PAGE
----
The main reason this occurs is because when we eat less food, our metabolism slows down a bit but when we eat slightly more food, it speeds up. This is all in an attempt to keep our body at a certain weight where it feels 'comfortable'. This comfortable point can also be referred to as the 'body fat set point'.

    After coming off a period of lower total calories like many people do when they try a low carb diet, their metabolism has slowed down a bit to try and avoid moving from the set point too quickly. Once, they've finished their diet and switch back to higher calories, many people will overindulge a bit.

    Since, it takes some time for your metabolism to readjust back to normal levels, excess calories won't be burned as quickly and thus you may even end up heavier than when you started your diet.

    At the end of the day, restrictive diets are just one method to help people improve their eating habits and start to fuel their body with the right things it needs. This article isn't saying that restrictive diets can't help people to drop body fat and achieve the body of their dreams. It's more of a warning to people thinking that all they have to do is follow the diet and their problems are solved.

    As the great Nutrition PHD Layne Norton once said: 'For every gime, there's a gotcha'.

    The best nutrition or training plan for YOU, is and always will be the one that YOU can stick to.

    If the biggest problem when it comes to burning stubborn fat for you is not knowing where to start, how much food you should be eating or even the best kinds of foods for your goals, then you may want a little more help.

    The Alpha Fitness team are always happy and willing to help with whatever it is that's holding you back from having that amazing, head-turning bikini body you want, this summer.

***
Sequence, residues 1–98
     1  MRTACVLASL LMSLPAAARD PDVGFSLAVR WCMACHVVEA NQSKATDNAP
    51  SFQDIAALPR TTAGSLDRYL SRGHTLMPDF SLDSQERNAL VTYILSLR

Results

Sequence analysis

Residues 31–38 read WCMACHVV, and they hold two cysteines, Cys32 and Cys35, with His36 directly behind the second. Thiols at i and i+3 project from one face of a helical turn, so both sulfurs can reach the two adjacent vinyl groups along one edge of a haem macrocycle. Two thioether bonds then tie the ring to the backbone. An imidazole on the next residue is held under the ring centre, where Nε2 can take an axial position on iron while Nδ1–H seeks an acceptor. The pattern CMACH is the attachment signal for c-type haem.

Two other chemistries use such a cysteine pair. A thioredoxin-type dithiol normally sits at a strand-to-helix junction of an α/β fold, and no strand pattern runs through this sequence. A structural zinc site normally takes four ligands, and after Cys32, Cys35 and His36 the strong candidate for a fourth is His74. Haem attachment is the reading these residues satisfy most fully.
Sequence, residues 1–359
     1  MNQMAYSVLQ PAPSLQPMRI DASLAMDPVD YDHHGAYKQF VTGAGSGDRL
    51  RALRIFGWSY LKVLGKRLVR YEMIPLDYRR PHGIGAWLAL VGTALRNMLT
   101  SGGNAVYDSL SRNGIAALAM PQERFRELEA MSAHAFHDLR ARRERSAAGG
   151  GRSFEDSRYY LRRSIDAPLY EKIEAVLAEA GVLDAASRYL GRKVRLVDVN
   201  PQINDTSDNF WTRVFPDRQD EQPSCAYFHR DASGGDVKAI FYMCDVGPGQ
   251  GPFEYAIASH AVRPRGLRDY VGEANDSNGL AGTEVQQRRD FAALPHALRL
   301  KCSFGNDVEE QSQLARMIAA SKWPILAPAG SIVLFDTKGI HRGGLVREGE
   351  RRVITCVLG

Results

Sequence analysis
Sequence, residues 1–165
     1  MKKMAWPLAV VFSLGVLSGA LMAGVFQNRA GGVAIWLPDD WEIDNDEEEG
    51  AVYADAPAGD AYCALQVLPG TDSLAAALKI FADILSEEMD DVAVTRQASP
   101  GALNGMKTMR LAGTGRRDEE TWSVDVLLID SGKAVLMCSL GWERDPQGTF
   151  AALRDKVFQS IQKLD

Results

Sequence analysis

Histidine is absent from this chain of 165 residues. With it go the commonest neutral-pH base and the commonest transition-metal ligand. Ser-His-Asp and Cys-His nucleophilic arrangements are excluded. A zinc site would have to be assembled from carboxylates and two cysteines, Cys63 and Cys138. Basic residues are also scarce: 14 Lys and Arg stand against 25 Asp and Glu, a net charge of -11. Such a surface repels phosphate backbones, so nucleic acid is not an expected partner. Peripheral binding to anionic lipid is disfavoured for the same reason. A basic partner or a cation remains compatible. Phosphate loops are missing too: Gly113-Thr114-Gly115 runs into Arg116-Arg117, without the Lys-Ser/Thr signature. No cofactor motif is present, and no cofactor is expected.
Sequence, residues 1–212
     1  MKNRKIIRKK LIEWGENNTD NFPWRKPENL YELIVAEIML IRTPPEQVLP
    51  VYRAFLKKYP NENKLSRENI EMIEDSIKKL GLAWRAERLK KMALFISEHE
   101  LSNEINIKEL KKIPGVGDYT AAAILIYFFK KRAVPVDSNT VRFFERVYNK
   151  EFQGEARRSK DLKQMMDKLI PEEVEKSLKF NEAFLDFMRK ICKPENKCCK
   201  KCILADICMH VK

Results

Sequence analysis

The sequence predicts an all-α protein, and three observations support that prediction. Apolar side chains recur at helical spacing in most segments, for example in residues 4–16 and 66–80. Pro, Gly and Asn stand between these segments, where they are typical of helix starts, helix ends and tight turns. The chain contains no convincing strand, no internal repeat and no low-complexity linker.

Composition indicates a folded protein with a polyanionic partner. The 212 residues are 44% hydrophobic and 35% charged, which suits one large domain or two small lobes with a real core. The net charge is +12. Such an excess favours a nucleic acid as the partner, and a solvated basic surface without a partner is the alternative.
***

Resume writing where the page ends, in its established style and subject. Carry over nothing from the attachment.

Drop us a message and let's get started ASAP.

    That's it for now from Jake and the Alpha Fitness team,

    Happy toning!

    Jake is passionate about helping women reach their full potential by rapidly transforming their bodies through holistic methods. To find out more, visit



    1. Stiegler P, Cunliffe A: The role of diet and exercise for the maintenance of fat-free mass and resting metabolic rate during weight loss. Sports Med. 2006, 36: 239-262. 10.2165/00007256-200636030-00005.
    2. Kerksick, Chad et al. "Effects Of A Popular Exercise And Weight Loss Program On Weight Loss, Body Composition, Energy Expenditure And Health In Obese Women". Nutrition & Metabolism1 (2009): 23. Web. 16 Oct. 2016.
  • I'm just getting started. What are the most effective exercise machines to lose fat and will I get hungry?

    Since you are expending more energy as a result of your exercise, your body is going to be crying out for additional nutrients - hence why you are hungry.  This is a perfectly natural response and your body will require additional nutrients to compensate for the added energy expenditure.

    Meanwhile, it's not so much the type of exercise that will lose the most weight, it's all about intensity.  Find a cardiovascular machine that you enjoy - whether it's a treadmill, bike, elliptical, rower or recumbent bike, they will all do a very effective job in losing the weight.  A great idea is to rotate between several machines to keep variety in your workout.  The reason why I suggest that you find a machine that you enjoy is so

    a) you will be more likely to stick to your cardio regime in the long-term
    b) you will most likely push a little bit harder and thus increase the intensity - which means RESULTS

    The "intensity" factor is crucial.  Begin at a pace that you feel comfortable with and don't overdo it.  There is nothing worse than pushing yourself too hard right from the get-go - this can be extremely discouraging (since you won't feel too great after your workout) and this can also be dangerous if your body hasn't yet adjusted to the exercise demand.